Singapore, the world’s leading Smart City. Source: Shutterstock

Aggregating, automating and augmenting AI for SG’s smart city

SINGAPORE’S vision of becoming a smart nation to create an economically competitive global city and a livable home for the future is fast becoming a reality.

Indeed, a recent global smart city ranking put Singapore in the first place, ahead of major cities such as London, New York, and Seoul.

To edge closer to this dream, Artificial Intelligence (AI) will be harnessed to a much greater extent, working with sources of potentially useful data, such as networked video cameras, sensors and Internet of Things (IoT) devices as they are deployed all over the city.

AI and video technology will be of particular importance.

Today’s processing power means computers can analyze huge volumes of video data simultaneously, recognizing objects, people, and even behavior.

Some applications in a smart city include the use of videos for city and traffic planning, or even license plate or facial recognition to track criminals. These potential applications for this advanced type of capability will change the way we live and work.

Here are three steps to harness the power of video to quicken Singapore’s pace as a smart nation:

Aggregating video sources

For a city to be truly smart, its sources of information need to be first connected in order to provide the most complete picture possible. In Singapore, this is still a work-in-progress.

An aggregated network of video cameras, for instance, provides a vast amount of information. When connected to AI, the system can then provide insights to regulate traffic or find a missing person.

Currently, GovTech is developing a nationwide sensor network called the Smart Nation Sensor Platform.

This platform is aimed to provide the communication backbone to facilitate smart metering in residential areas, help with public transport planning and enable the creation of innovative solutions and applications via smart street lampposts.

Aggregated networks of video sources should also be connected to an open-platform video management system (VMS).

This will allow the network to be expanded easily, without having to use one particular kind of device or camera, meaning authorities can use whatever solutions best fit the task.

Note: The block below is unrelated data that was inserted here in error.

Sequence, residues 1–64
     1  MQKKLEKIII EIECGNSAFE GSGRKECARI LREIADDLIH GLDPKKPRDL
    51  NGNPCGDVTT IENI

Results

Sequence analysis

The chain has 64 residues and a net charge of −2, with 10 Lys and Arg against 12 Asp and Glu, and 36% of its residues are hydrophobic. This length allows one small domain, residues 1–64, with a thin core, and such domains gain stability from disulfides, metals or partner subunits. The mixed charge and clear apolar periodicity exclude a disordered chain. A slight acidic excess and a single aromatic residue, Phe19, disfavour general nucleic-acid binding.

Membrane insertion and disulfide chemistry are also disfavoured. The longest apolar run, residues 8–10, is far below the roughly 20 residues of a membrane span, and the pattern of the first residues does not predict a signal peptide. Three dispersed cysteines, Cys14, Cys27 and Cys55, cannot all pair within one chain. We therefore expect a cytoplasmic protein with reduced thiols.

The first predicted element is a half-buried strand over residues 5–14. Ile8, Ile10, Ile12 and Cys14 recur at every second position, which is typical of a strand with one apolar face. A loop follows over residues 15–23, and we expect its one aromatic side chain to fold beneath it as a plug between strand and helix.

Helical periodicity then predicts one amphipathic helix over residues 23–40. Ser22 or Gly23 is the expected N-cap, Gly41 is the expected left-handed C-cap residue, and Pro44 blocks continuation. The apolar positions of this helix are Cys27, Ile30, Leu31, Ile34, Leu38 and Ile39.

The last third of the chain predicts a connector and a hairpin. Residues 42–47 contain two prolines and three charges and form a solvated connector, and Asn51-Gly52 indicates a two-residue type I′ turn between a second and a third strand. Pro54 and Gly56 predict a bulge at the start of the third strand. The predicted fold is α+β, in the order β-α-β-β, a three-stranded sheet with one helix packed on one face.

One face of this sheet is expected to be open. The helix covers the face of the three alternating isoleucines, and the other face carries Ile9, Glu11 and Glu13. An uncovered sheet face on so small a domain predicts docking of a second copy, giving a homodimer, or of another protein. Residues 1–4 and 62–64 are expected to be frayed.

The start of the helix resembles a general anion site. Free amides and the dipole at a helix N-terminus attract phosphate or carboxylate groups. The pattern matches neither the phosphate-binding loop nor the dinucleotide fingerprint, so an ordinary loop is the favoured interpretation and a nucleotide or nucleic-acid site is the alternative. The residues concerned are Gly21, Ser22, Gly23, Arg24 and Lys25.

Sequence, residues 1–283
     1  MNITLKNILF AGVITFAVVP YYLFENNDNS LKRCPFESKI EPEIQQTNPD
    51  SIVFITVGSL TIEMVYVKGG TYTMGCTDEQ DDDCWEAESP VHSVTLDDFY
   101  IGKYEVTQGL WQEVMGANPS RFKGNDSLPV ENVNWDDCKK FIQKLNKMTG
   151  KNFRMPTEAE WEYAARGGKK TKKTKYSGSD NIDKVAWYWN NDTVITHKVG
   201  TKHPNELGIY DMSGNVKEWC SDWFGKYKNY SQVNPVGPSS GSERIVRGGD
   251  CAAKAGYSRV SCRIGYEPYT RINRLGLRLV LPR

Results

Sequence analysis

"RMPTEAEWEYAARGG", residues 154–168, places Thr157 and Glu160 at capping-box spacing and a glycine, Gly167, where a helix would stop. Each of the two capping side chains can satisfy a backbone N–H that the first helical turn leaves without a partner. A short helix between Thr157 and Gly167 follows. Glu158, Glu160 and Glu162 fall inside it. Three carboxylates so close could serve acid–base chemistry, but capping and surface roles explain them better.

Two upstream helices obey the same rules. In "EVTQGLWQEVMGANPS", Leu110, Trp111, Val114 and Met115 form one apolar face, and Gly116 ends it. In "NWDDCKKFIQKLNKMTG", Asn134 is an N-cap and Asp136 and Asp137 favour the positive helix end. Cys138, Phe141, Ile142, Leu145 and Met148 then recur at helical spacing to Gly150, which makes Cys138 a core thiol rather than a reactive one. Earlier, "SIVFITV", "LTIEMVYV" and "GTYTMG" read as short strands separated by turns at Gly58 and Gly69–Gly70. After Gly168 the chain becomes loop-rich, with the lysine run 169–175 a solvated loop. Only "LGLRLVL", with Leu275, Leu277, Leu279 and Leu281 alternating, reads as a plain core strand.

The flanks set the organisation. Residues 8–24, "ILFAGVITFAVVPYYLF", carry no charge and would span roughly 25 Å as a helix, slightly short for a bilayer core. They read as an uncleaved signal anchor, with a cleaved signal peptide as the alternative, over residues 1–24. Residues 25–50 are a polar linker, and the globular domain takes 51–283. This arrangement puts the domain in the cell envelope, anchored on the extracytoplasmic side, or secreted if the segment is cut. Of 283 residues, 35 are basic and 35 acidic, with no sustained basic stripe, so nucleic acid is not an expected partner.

As well as making the addition of hardware easier, it facilitates the creation of even bigger datasets, in order to provide a more accurate picture in future.

Automating insights for safer cities

With systems in smart cities being connected all around, the massive amounts of video and sensor streams coming in mean that we need to use the data in more clever ways.

However, this progress has been impeded until recently as the computing power needed to process and analyze those streams has simply not been available.

Automation will be at the center of the video management system as the sheer size of data sets would be impossible for human beings to utilize.

This takes much of the tedious burden of manual security scanning away from security guards.

Today’s processing power means AI can be trained to recognize behavior, not just objects.

For instance, if a person is loitering suspiciously, this can be identified as unusual behavior, then an alert can be sent to a security officer to investigate on the situation. This capability will reduce necessary human intervention and ease attention fatigue for security operations.

In a smart city scenario, we will solve public safety and operational challenges in ways that are truly impactful. For example, police cars in Singapore are currently fitted with about 8 – 10 cameras each.

When looking out for blacklisted car number plates, the police are able to minimize the deployment of manpower by leveraging license plate recognition instead.

Furthermore, with the new security Industry Transformation Map (ITM) underway, more security companies will move away from just supplying manpower and focus on the use of technology to deliver security solutions effectively.

This is especially so in the backdrop of a manpower crunch in the security industry.

However, the real transformation to a smart city does not simply stop at the automation level, instead of going on to amplify human intelligence.

Augmenting human intelligence for a truly smart nation

As the city continues to grow, and hardware acceleration such as ultra-high definition cameras allow us to have all of that aggregated video and sensor information, more will be used to analyze, assist and augment the way we manage buildings, incidents, and people.

However, the use of video is not limited to security applications.

The potential of video technology remains relatively untapped. Retail, for example, can make use of facial recognition software to enhance the customer experience.

For instance, loyalty programmes can be activated when facial recognition recognizes a returning customer.

When connected to a business’s point-of-sale system, sales staff can even recommend items the customer might like based on previous transactions.

This is just the start. AI is going to provide the basis for the many different applications which will help Singapore earn its status as the world’s first truly smart nation.

Contributed by Benjamin Low, Vice President, APAC, Milestone Systems.





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